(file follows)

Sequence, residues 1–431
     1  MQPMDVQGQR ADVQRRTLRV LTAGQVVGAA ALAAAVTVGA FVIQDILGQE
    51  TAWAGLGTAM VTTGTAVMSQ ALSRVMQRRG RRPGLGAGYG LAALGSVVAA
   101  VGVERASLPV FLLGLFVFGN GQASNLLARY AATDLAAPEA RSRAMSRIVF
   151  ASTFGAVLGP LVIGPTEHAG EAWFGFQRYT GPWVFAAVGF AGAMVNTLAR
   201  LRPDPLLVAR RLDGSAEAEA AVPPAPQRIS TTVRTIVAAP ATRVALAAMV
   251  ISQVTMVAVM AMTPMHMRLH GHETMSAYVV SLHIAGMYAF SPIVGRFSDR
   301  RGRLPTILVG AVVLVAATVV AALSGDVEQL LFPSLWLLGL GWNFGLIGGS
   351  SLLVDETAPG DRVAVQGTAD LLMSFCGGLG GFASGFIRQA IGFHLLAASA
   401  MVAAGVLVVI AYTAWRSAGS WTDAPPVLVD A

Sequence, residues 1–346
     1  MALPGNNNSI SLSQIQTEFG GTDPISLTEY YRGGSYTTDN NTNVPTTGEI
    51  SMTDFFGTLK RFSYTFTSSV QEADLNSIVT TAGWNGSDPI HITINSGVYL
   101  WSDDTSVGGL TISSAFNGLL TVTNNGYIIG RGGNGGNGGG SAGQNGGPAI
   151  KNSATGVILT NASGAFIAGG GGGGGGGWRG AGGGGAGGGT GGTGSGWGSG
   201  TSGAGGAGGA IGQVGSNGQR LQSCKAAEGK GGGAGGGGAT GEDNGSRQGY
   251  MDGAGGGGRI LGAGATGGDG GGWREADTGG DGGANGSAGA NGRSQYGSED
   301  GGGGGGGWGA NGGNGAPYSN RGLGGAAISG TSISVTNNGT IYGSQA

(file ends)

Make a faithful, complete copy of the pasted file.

Sequence, residues 1–431
     1  MQPMDVQGQR ADVQRRTLRV LTAGQVVGAA ALAAAVTVGA FVIQDILGQE
    51  TAWAGLGTAM VTTGTAVMSQ ALSRVMQRRG RRPGLGAGYG LAALGSVVAA
   101  VGVERASLPV FLLGLFVFGN GQASNLLARY AATDLAAPEA RSRAMSRIVF
   151  ASTFGAVLGP LVIGPTEHAG EAWFGFQRYT GPWVFAAVGF AGAMVNTLAR
   201  LRPDPLLVAR RLDGSAEAEA AVPPAPQRIS TTVRTIVAAP ATRVALAAMV
   251  ISQVTMVAVM AMTPMHMRLH GHETMSAYVV SLHIAGMYAF SPIVGRFSDR
   301  RGRLPTILVG AVVLVAATVV AALSGDVEQL LFPSLWLLGL GWNFGLIGGS
   351  SLLVDETAPG DRVAVQGTAD LLMSFCGGLG GFASGFIRQA IGFHLLAASA
   401  MVAAGVLVVI AYTAWRSAGS WTDAPPVLVD A

Sequence, residues 1–346
     1  MALPGNNNSI SLSQIQTEFG GTDPISLTEY YRGGSYTTDN NTNVPTTGEI
    51  SMTDFFGTLK RFSYTFTSSV QEADLNSIVT TAGWNGSDPI HITINSGVYL
   101  WSDDTSVGGL TISSAFNGLL TVTNNGYIIG RGGNGGNGGG SAGQNGGPAI
   151  KNSATGVILT NASGAFIAGG GGGGGGGWRG AGGGGAGGGT GGTGSGWGSG
   201  TSGAGGAGGA IGQVGSNGQR LQSCKAAEGK GGGAGGGGAT GEDNGSRQGY
   251  MDGAGGGGRI LGAGATGGDG GGWREADTGG DGGANGSAGA NGRSQYGSED
   301  GGGGGGGWGA NGGNGAPYSN RGLGGAAISG TSISVTNNGT IYGSQA